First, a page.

Itsumade (monster) (以津真天)

Itsumade, or Itsumaden is one of the monsters that have been handed down in Japan.

If a dead body is left for a long time at the time of wars or famine, Itsumade perches close to the dead body croaking as if it cursed, 'itsumade, itsumade' (until when) and eats the dead body. The word, 'itsumade' means that until when the dead body will be left. Itsumade' s head is the head of either Oni (ogre) or human being, its body is that of dragon (or snake), with sharp teeth and nails, and it is over five meters tall.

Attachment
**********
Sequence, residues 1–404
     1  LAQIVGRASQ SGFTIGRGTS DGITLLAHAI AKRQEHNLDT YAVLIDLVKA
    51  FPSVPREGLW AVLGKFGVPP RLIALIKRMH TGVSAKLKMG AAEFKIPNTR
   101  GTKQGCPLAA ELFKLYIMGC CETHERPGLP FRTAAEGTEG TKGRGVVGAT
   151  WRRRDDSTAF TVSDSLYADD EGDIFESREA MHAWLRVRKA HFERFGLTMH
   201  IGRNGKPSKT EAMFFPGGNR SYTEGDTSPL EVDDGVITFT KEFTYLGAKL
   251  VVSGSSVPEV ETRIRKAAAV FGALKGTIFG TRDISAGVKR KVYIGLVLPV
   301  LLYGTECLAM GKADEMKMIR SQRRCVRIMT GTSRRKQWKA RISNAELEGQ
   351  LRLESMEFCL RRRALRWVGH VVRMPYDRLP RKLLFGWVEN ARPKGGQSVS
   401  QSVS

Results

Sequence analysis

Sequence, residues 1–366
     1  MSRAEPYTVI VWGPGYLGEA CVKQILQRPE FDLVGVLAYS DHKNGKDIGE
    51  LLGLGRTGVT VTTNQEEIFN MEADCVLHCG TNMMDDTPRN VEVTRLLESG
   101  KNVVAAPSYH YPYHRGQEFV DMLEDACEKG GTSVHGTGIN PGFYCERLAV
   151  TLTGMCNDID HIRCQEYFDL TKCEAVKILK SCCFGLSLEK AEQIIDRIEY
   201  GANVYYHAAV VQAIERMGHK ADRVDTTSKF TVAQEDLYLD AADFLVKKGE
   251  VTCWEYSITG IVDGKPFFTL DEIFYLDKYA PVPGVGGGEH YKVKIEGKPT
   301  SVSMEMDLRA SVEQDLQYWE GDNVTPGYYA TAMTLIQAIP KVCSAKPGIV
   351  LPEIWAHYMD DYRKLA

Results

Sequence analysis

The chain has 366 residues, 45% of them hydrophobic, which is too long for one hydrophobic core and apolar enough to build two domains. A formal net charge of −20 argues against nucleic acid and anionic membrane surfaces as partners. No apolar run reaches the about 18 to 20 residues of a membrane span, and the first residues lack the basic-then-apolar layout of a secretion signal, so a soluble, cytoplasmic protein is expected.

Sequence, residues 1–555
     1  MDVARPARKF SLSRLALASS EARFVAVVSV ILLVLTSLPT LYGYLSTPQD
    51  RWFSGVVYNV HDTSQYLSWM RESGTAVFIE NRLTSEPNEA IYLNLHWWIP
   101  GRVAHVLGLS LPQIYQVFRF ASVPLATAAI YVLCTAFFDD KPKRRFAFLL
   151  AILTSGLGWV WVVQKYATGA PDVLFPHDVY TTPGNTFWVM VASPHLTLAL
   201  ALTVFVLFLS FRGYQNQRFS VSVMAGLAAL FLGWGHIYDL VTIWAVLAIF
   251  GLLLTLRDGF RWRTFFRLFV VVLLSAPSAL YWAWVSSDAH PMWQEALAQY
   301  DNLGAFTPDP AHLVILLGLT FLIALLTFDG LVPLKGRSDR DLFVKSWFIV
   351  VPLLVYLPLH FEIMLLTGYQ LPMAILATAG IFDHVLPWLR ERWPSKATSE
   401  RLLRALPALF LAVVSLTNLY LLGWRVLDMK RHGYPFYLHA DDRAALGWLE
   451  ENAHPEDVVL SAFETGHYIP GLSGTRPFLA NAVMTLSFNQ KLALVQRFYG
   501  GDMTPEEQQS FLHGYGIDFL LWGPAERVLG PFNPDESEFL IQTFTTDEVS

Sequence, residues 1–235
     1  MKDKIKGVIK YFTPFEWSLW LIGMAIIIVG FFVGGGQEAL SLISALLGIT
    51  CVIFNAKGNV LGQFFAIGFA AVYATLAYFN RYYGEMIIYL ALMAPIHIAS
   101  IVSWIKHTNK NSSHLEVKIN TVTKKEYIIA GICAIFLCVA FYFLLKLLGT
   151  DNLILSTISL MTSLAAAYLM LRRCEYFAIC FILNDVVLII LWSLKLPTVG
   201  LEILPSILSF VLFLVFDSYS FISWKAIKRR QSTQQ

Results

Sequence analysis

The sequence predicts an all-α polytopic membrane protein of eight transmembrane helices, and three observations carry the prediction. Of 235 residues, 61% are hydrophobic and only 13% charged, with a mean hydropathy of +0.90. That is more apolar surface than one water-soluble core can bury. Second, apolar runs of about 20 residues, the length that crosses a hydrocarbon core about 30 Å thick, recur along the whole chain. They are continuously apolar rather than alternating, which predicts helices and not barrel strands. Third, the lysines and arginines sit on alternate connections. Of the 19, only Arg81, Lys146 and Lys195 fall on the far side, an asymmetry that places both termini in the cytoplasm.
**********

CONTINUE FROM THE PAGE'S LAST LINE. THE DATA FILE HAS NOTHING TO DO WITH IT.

Itsumade is described in the volume 12, 'Hiroari Kecho o Iru Koto' (Hiroari Shoots a Strange Bird) of "Taiheiki" (The Record of the Great Peace). According to the Hiroari Kecho o Iru Koto, in the autumn of 1334, an ominous bird came up over Shishin-den Hall (hall for state ceremonies) just about every night, croaking like 'itsumademo, itsumademo' (until when), which scared people. Court nobles thought to make an expert of bow exterminate the ominous bird as they associated it with the story of MINAMOTO no Yorimasa, who exterminated nue (Japanese legendary creature). Oki no Jirozaemon Hiroari who was asked to exterminate the bird successfully hit the ominous bird with a whistling arrow. In the "Taiheiki," it is referred to as an ominous bird. The name, 'Itsumade' is named after by Sekien TORIYAMA when he depicted Hiroari Kecho o Iru Koto in the "Konjaku Gazu Zoku Hyakki" (Continued Illustrations of the Many Demons Past and Present).